Pressure on India to accept legally binding pact

The US, India and China are not in favor of accepting a legally binding agreement.

Cancun: Cracks have developed among the
developing countries including the BASIC group on accepting
legally binding emission cut at the climate change conference
here, with India saying there is concerted pressue on it and
China to accept such cuts.

The United States, India and China are not in favor of
accepting a legally binding agreement, which is supported by
other developed countries, and several nations within the G77
including African nations and Least Developed Countries.

"There is a concerted move by a group of developed
countries using developing countries to put pressure on India
and China and within BASIC, since South Africa and Brazil are
supportive of a legally binding agreement," Environment
Minister Jairam Ramesh said.

"There are differences within BASIC. India and China
are united on this issue. Brazil and South Africa are united,"
he said.

"This pressure is coming from developed countries
through AOSIS, BASIC and LDCs."

"At this stage India`s strategy is to keep the door
open, the door was being closed on us," he told journalists.

Pushing hardest for a legally binding treaties are
small island nations, which are the most vulnerable to climate

Countries in India`s vicinity - Bangladesh, Maldives,
Bhutan and Nepal - are also supporting a legally binding

India`s close allies on the climate change issue -
Brazil and South Africa - are also in favor of a legally
binding agreement, which is causing divisions within the BASIC

With the conference closing tomorrow, India has
objected to raising the issue so late in the day.

It has also said that currently it is important to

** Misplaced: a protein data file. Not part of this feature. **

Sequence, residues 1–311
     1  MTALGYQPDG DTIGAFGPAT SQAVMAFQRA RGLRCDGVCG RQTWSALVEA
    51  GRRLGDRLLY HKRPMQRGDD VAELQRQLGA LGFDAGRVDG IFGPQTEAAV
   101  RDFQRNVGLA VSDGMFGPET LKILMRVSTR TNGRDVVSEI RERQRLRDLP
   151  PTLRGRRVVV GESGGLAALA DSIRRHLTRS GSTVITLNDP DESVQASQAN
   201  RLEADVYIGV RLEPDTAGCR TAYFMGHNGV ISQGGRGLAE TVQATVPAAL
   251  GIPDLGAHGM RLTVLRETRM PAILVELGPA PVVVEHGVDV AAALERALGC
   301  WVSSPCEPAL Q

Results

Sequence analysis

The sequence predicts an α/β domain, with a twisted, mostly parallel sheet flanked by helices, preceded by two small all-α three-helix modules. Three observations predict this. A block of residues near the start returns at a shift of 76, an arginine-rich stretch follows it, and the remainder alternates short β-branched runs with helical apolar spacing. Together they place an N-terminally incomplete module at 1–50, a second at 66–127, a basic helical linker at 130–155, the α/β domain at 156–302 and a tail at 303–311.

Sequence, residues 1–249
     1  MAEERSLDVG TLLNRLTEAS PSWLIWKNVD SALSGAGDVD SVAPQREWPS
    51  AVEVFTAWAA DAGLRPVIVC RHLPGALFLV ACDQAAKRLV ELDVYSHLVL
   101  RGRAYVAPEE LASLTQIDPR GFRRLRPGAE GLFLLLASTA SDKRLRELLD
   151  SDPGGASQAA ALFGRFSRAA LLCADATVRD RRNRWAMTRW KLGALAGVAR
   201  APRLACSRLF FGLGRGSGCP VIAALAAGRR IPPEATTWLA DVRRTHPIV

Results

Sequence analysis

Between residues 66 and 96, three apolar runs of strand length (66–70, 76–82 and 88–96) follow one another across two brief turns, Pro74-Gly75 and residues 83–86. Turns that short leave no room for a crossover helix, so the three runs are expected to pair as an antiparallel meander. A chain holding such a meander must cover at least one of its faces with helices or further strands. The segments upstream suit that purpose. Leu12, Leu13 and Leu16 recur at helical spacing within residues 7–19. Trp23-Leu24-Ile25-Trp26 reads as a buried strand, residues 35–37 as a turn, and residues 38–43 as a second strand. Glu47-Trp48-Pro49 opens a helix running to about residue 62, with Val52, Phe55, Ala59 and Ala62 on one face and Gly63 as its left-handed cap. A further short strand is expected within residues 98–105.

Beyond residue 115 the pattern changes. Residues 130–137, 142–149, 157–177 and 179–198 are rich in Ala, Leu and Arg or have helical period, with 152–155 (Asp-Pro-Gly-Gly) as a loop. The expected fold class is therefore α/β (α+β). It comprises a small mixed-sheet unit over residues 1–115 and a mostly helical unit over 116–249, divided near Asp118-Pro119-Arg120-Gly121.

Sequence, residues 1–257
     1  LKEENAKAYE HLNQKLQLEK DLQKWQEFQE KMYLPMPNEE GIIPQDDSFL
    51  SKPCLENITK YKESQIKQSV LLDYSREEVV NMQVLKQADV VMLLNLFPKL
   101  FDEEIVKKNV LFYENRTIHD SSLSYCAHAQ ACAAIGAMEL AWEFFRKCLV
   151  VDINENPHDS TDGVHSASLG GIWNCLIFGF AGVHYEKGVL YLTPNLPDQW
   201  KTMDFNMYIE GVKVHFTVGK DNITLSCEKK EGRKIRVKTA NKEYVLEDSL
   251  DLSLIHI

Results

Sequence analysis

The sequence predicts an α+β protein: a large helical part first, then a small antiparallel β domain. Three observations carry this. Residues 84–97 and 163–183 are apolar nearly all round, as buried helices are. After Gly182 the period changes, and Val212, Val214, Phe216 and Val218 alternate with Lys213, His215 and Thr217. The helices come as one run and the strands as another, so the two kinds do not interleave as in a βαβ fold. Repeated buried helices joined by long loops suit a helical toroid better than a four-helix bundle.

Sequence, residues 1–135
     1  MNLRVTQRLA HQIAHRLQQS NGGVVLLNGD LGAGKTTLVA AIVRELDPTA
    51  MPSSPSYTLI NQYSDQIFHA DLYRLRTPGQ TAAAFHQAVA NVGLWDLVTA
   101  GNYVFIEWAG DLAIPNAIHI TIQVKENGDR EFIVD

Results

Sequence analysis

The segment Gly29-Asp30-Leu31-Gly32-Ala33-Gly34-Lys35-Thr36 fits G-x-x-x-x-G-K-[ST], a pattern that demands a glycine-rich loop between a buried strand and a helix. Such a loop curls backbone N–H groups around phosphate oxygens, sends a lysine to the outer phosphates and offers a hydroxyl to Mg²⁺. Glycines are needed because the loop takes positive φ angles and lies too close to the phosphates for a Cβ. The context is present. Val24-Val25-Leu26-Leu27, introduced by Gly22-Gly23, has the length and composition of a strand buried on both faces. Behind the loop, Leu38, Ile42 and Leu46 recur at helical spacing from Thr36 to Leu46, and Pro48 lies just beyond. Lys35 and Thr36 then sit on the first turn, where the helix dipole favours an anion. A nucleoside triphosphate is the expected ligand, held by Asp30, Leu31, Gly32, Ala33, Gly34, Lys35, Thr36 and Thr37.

concentrate on the Kyoto Protocol, which is the only legally
binding treaty on climate change, but its future is uncertain
since several countries want to abandon it.

Speaking at an open meeting here, Ramesh told
delegates that "all countries must take on binding commitments
under appropriate legal form."

Later, the minister indicated that he raised this
point to assure countries close to India like Nepal and
Bangladesh that New Delhi was committed to fulfilling its
domestic commitments.

"We will honor these," he said, noting that India was
not ready to reflect these in an international agreement yet.
The present discussion has also raised questions about
what constitutes the "bindingness" of a treaty.

India, for instance, argues that consensual decisions
taken under annual climate conferences can be considered
Indian diplomats here also argue that New Delhi`s
promise to the parliament for cutting down carbon intensity
can be considered binding since it`s a "serious" nation.

Other countries, however, argue that binding needs to
be more formal maybe on the lines of the Kyoto Protocol.

India has also consistently argued that the substance
of any outcome needs to be detailed before the form is decided
- a position which is supported by Philippines and Egypt.

Ramesh indicated that India would not agree to any
legally binding agreement until three things are clear ? the
content of legally binding, the penalty of non-compliance and
the system of monitoring.

"We are not ready to commit to a legally binding
treaty," he said.
Bolivia, which also objects to a legally binding
treaty, is concerned that this new pursuit will take attention
away from the Kyoto Protocol, which puts the legal
responsibility to cut emissions squarely on the shoulders of
developed countries.

Ramesh also stressed that this episode busted the
"mythology" that G-77 spoke as one voice.
"We are under attack inside G 77," he said. "India has
to approach this issue very cautiously."